The second floor (or third) has the same pattern, except without the tower. So that's three bedrooms on the top floor. While it was common for siblings to share rooms, the older children must have been separated by sex. So I imagine the boys on the top floor, with their youthful energy to take them up and down that extra flight of stairs. Perhaps the steward had to share a bedroom with the footmen, unless the junior servants slept on the floor in the boys' rooms.

Settle bed
Servants' beds (or children's) could be pulled out from under the main bed. Another hideaway sleeping spot was the settle bed, which served as sofa-bench during the day and folded out into a mattress-holding frame at night. For this novel, I put a settle bed in the Englishes' cottage instead of the Castle.

So the house servants were scattered throughout the house, not in some separate wing. I presume field hands slept in their own cottages each night. But what about the permanent outdoor servants?

Remember the bawn, the walled courtyard on the east side of the Castle?  I forgot about the house-sized room at the far end from the kitchen door. It’s substantial (the current owner of the Castle uses it as her shop. Vague memory tells me the inside of the bawn is like a stable, but the large room could house several servants, including the gardener and the stable hands.

Friday, April 05, 2013

Authorpreneur: The Lure of the Pro-Blogosphere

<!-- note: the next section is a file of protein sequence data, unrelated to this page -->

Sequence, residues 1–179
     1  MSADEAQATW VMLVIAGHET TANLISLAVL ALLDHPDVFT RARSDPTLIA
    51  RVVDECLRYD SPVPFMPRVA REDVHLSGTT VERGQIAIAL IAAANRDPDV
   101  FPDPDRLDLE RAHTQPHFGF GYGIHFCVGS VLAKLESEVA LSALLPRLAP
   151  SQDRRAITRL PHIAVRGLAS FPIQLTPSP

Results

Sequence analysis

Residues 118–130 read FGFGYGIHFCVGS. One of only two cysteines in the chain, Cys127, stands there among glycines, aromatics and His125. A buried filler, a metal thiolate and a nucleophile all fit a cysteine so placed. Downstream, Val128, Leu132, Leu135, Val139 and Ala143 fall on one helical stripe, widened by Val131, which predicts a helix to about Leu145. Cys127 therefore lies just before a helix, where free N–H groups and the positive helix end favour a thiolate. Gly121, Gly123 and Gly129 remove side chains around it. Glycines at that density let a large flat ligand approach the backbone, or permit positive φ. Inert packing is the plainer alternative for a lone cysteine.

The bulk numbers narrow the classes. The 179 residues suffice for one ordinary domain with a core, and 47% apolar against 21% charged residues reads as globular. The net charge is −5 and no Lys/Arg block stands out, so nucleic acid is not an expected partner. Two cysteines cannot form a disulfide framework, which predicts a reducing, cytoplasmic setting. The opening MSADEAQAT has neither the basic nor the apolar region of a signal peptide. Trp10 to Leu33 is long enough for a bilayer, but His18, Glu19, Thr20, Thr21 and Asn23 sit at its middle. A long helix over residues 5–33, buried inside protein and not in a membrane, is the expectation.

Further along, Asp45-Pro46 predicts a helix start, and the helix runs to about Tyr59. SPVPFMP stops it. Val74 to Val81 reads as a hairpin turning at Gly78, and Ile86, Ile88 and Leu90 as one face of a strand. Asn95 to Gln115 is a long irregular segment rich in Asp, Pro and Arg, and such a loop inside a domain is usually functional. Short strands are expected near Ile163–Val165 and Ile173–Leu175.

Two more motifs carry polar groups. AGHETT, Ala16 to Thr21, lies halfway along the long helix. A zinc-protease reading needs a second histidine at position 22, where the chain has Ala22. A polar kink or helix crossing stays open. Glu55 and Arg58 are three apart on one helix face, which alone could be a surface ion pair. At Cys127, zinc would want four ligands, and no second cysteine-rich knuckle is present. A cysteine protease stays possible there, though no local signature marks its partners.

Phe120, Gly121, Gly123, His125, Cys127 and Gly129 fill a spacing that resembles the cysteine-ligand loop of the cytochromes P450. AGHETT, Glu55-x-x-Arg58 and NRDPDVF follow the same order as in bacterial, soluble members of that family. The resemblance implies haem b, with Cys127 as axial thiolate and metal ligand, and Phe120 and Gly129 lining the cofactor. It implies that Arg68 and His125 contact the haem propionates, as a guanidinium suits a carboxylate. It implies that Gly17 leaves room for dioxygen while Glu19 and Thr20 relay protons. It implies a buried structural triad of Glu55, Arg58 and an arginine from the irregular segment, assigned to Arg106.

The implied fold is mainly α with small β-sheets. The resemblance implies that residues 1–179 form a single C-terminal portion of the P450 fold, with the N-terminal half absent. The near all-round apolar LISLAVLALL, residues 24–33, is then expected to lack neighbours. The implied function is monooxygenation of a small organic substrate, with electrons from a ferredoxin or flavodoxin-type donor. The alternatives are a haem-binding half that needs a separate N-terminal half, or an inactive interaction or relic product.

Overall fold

What a year it's been! (And this is just the writing part.)

In March 2012, I was struggling financially with a part-time library job, a one-year-old bookstore that hadn't got off the ground yet, and growing bills. I was also struggling with a historical novel about my family. My big dream was to finish and publish it, but I'd put it aside for medical reasons. I'd recovered enough to write again, but had trouble getting back into the story.

Somehow I ran across Ana Hoffman's blog, Traffic Generation Cafe. The concept that a real person could make a living from blogging felt like a light turned on in my head. I wanted to write again, and I needed money. I began to hear the siren song of the pro-blogosphere.

In April, Robert Lee Brewer offered a month-long Platform Challenge for writers. I "knew" Robert through his involvement with Writer's Digest, and I'd heard all year that a writer needs a platform — a public face that shows one's expertise — even before the book is finished. It sounded like the perfect opportunity to learn about the world of online marketing while promoting my future book.

10% Off, No Min at Writers Digest Shop. Use coupon code writersdigest10w during checkout. Expires 06/30/2013. --- Look, this is what probloggers do. It's called an affiliate ad.